Tatzu Nishi

Solo Exhibition

The Real Reasons for Unbreakable Habits and How to Deal with Them

Saturday, January 25, 2020 - Saturday, February 22, 2020


Saturday, January 25, 2020
18:00 – 20:00: Reception for the artist
20:30 – :After party + Burlesque *Reservation required

Gallery hours: 11:00-18:00, 11:00-20:00 (Fri)
Closed on Sun., Mon., and National Holidays
Supported by COLOR SCIENCE LABO CO.,LTD


Discovering Columbus
2012, Columbus Circle, New York
© Tatzu Nishi

 

Taking space outside the “white cube” as the main stage of his activities, Tatzu Nishi strives to dissimilate our world with the sudden appearance of private space in locations of a highly public nature. Under the watchwords “humor, violence, and sexiness,” he adopted the model of strictly temporary public art beginning in the late 1990s and has since stayed in the vanguard of the times, setting forth new artistic directions. He has made seemingly impossible ideas possible with street art that differs completely from graffiti-like street paintings, and this will be his first show in a gallery in about 10 years.

Titled “The Real Reasons for Unbreakable Habits and How to Deal with Them,” the exhibition will be held at ANOMALY from January 25 to February 22, 2020. 

Tatzu Nishi dynamically dissimilates familiar sights and scenes by shifting their context. For example, he may construct rooms that incorporate a local monument or streetlight right into the installation, transforming it into a living room or hotel room that is then actually offered for booking. He has produced many large-scale projects that easily overturn our entrenched ideas.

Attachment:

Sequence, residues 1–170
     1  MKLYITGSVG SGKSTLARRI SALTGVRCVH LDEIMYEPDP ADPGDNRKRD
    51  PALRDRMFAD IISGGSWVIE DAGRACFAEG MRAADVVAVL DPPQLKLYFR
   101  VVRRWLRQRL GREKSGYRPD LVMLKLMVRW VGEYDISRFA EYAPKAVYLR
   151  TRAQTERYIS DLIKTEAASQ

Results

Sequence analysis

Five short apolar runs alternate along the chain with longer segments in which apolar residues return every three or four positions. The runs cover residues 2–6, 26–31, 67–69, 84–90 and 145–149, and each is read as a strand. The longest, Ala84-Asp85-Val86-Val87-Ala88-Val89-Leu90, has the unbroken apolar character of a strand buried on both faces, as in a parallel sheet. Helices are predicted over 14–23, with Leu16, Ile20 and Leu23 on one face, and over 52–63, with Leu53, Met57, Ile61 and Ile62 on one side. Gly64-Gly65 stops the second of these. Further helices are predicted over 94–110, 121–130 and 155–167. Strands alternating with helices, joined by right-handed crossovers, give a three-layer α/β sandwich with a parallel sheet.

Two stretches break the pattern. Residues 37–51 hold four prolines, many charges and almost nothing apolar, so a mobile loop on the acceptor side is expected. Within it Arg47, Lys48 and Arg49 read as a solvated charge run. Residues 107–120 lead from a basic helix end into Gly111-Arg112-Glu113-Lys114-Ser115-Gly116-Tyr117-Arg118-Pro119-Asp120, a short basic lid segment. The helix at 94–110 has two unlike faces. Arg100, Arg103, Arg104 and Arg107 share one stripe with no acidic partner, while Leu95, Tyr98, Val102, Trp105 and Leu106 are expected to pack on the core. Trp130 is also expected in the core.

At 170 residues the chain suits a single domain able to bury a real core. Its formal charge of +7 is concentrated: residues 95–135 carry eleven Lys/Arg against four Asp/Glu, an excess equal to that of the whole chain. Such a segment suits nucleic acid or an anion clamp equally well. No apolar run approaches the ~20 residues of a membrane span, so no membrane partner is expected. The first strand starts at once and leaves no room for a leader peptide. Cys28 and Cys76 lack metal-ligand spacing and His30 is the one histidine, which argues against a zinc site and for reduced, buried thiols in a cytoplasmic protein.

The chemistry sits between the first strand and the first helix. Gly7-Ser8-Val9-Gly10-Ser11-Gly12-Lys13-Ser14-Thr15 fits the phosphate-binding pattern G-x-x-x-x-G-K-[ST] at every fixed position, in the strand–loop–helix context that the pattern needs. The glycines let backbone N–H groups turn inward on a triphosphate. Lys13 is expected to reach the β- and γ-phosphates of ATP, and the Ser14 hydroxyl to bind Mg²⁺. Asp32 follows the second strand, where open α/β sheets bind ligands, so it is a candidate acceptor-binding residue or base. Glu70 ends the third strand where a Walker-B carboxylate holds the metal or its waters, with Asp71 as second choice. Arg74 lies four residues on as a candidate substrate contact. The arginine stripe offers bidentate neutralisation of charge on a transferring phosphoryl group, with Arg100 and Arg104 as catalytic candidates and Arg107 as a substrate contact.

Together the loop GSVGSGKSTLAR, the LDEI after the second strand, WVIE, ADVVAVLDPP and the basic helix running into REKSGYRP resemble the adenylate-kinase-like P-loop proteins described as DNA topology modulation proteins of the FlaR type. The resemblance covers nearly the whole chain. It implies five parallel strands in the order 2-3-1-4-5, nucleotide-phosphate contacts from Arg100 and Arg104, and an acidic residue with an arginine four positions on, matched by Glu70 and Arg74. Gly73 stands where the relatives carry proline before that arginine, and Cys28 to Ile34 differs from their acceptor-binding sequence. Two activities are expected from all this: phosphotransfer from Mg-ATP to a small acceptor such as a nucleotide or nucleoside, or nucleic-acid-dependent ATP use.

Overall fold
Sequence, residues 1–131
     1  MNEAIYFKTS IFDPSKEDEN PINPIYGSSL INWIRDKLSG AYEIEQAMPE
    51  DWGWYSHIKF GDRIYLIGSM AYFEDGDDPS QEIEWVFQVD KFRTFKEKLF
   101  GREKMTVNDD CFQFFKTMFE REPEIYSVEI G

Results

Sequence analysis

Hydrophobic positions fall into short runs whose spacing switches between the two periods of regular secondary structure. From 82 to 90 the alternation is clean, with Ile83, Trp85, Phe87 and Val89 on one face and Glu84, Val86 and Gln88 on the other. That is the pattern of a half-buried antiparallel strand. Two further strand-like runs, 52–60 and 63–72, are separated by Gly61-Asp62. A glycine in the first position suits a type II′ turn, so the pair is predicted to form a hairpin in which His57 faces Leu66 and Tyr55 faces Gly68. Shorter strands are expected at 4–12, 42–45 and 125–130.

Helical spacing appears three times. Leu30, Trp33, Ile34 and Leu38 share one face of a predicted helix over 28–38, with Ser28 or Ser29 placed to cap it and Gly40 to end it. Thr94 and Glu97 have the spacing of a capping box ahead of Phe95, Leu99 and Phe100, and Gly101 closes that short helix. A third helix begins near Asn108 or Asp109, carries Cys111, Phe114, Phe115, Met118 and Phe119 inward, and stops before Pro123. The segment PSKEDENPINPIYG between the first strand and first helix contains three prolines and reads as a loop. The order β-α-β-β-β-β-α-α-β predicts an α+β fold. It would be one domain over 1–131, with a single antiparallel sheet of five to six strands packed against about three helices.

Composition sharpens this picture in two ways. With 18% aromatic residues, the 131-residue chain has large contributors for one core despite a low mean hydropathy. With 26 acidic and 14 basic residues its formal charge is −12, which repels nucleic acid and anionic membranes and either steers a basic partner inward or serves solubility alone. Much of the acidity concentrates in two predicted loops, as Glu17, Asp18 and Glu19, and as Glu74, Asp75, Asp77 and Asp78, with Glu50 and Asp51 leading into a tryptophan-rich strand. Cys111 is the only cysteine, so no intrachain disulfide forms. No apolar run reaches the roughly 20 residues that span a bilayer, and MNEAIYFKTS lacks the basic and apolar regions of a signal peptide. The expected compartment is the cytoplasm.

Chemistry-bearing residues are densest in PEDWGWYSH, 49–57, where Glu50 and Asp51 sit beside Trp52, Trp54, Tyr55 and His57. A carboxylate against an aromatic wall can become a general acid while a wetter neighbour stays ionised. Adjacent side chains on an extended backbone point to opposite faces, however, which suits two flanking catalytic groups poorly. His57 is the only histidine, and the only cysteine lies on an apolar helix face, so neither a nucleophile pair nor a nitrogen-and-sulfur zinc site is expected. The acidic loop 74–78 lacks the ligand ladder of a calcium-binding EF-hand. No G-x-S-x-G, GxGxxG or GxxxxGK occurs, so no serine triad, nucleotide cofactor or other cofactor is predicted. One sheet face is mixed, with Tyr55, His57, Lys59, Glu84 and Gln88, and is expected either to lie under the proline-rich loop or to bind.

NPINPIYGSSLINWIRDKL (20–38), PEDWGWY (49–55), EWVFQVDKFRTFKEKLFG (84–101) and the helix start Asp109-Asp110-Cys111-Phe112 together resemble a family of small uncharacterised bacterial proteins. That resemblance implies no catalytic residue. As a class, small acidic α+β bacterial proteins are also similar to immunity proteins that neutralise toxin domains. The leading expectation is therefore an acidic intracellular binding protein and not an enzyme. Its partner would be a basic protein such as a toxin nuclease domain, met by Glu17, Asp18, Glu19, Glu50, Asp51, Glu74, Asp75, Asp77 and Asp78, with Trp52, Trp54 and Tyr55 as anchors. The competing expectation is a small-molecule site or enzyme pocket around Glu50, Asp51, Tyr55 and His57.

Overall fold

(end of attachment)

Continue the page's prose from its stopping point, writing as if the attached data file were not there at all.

Tatzu Nishi has essentially brought what is private into a public venue, thereby smashing everyday outlooks and compelling an inversion of values. In “The Real Reasons for Unbreakable Habits and How to Deal with Them,” however, his practice is the opposite, in that he brings things that have an outdoor or non-artistic context into the indoors (i.e., the peculiar space that is an antiseptic gallery).
Wielding amazing technique, Nishi positions various everyday objects and tools that are ordinarily not seen in gallery space in a “white cube.” His grand vision transcends established concepts of all stripes and creates a distinctive space that could even be described as “umheimlich.”(*1)